BROWN, BOBBIE E.
Rank and organization: Captain, U S. Army, Company C, 18th Infantry, 1st Infantry Division. Place and date: Crucifix Hill, Aachen, Germany, 8 October 1944. Entered service at: Atlanta, Ga. Born: 2 September 1903, Dublin, Ga. G.O. No.: 74, 1 September 1945. Citation: He commanded Company C, 18th Infantry Regiment, on 8 October 1944, when it, with the Ranger Platoon of the 1st Battalion, attacked Crucifix Hill, a key point in the enemy's defense of Aachen, Germany. As the leading rifle platoon assaulted the first of many pillboxes studding the rising ground, heavy fire from a flanking emplacement raked it. An intense artillery barrage fell on the American troops which had been pinned down in an exposed position. Seeing that the pillboxes must be neutralized to prevent the slaughter of his men, Capt. Brown obtained a pole charge and started forward alone toward the first pillbox, about 100 yards away. Hugging the ground while enemy bullets whipped around him, he crawled and then ran toward the aperture of the fortification, rammed his explosive inside and jumped back as the pillbox and its occupants were blown up. He rejoined the assault platoon, secured another pole charge, and led the way toward the next pillbox under continuous artillery mortar, automatic, and small-arms fire. He again ran forward and placed his charge in the enemy fortification, knocking it out. He then found that fire from a third pillbox was pinning down his company; so he returned to his men, secured another charge, and began to creep and crawl toward the hostile emplacement. With heroic bravery he disregarded opposing fire and worked ahead in the face of bullets streaming from the pillbox. Finally reaching his objective, he stood up and inserted his explosive, silencing the enemy. He was wounded by a mortar shell but refused medical attention and, despite heavy hostile fire, moved swiftly among his troops exhorting and instructing them in subduing powerful opposition. Later, realizing the need for information of enemy activity beyond the hill, Capt. Brown went out alone to reconnoiter. He observed possible routes of enemy approach and several times deliberately drew enemy fire to locate gun emplacements. Twice more, on this self-imposed mission, he was wounded; but he succeeded in securing information which led to the destruction of several enemy guns and enabled his company to throw back 2 powerful counterattacks with heavy losses. Only when Company C's position was completely secure did he permit treatment of his 3 wounds. By his indomitable courage, fearless leadership, and outstanding skill as a soldier, Capt. Brown contributed in great measure to the taking of Crucifix Hill, a vital link in the American line encircling Aachen.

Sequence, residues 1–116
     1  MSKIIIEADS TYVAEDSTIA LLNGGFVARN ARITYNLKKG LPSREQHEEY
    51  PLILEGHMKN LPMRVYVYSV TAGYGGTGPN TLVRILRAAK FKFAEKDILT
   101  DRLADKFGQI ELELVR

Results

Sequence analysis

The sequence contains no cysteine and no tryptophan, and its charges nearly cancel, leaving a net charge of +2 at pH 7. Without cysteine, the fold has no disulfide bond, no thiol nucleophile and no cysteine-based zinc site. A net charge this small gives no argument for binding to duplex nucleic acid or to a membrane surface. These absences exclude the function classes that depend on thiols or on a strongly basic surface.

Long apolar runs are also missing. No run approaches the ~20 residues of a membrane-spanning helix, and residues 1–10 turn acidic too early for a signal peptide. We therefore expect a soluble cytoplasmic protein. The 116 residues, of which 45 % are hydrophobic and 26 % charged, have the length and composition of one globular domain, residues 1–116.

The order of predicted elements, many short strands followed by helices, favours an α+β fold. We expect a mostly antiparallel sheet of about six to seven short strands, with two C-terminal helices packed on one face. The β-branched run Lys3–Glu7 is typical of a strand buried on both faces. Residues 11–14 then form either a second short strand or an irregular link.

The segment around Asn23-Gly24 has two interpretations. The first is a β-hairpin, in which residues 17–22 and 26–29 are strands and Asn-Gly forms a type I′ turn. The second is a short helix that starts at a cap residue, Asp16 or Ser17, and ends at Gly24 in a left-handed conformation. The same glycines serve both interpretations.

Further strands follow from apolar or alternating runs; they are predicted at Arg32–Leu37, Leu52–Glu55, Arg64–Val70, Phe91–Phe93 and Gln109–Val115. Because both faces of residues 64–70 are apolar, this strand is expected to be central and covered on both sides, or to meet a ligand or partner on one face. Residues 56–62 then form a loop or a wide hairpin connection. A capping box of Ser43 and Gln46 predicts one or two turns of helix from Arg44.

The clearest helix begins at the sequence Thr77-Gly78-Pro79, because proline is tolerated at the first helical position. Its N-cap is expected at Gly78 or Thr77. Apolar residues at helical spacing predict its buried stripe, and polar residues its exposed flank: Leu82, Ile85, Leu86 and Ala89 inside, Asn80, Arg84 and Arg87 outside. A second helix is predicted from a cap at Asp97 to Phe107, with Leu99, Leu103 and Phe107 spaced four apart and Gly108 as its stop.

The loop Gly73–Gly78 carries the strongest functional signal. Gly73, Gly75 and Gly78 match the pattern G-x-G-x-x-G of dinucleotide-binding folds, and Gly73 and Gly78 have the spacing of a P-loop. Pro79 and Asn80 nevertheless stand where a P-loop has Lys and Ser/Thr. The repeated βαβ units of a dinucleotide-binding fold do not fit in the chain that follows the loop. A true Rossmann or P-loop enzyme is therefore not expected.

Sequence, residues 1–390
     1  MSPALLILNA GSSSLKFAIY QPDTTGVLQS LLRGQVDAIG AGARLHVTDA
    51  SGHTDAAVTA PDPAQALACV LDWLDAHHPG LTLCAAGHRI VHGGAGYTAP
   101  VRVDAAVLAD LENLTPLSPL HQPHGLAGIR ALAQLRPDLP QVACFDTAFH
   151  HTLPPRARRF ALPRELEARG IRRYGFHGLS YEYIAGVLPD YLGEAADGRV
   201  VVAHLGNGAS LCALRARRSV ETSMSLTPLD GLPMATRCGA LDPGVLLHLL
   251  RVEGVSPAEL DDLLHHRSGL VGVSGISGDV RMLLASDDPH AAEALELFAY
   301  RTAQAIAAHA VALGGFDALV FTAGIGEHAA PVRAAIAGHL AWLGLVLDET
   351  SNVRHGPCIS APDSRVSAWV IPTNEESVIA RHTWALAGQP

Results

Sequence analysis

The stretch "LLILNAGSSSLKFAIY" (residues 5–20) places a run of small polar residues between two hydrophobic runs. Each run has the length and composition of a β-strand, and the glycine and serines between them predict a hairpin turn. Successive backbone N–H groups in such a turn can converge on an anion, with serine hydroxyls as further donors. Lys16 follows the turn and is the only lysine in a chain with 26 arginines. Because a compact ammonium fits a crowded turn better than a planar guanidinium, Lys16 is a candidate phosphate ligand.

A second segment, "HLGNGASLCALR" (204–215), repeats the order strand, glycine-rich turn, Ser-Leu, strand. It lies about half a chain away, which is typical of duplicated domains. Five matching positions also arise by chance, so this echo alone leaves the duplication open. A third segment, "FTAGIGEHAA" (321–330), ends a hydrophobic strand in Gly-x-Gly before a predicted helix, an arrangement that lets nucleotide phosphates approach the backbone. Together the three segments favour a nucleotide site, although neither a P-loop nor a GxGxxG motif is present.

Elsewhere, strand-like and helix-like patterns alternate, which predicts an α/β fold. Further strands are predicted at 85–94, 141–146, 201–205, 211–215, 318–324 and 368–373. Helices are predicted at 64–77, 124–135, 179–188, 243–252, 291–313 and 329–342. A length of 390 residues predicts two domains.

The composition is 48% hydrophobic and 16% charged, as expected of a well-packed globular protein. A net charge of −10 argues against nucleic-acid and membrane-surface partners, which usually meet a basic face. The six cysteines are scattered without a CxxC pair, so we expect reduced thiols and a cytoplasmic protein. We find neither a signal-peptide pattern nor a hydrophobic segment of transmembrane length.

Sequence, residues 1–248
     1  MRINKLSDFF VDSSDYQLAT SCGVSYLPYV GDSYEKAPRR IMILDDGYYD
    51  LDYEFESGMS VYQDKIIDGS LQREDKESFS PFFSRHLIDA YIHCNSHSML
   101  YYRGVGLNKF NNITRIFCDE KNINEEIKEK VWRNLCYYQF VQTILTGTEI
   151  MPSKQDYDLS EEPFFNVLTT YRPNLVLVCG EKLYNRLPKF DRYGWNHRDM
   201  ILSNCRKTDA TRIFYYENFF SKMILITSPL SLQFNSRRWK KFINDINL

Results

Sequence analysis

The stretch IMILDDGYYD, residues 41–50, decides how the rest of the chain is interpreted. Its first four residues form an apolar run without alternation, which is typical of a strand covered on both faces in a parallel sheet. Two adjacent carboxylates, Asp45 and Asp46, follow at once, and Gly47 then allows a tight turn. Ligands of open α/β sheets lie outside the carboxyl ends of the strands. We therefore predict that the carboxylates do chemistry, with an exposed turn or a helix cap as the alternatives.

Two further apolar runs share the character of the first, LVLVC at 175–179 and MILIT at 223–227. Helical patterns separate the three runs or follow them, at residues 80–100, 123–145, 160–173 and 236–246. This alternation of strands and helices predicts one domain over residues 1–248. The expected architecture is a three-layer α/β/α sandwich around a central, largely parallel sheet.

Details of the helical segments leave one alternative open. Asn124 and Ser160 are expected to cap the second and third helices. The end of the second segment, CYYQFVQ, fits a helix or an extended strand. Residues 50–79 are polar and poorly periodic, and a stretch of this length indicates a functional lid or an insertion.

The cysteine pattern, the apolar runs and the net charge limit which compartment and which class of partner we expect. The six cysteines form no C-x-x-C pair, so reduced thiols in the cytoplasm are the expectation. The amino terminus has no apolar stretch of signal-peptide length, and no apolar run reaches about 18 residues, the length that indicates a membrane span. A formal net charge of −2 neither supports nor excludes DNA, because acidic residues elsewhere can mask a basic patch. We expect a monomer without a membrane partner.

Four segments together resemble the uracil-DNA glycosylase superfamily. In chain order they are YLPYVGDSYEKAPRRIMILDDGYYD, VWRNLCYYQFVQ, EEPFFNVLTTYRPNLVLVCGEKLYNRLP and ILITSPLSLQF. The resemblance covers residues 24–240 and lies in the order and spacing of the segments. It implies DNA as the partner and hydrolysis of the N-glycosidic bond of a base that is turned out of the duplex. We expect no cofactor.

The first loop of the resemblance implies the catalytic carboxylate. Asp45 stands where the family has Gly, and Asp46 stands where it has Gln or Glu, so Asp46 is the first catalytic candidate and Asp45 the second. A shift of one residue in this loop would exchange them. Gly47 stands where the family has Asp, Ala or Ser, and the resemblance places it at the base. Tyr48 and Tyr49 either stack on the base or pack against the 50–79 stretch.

*Asterisk indicates posthumous award. (John Donovan is a Legionnaire with the Department of Kansas with service in the U.S. Army. He blogs at his own website The Castle Argghhh!)
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Is there an address where we can send care pkgs to this unit that lost all, as I am a troop donation chairperson as well as a aux pres of the legion.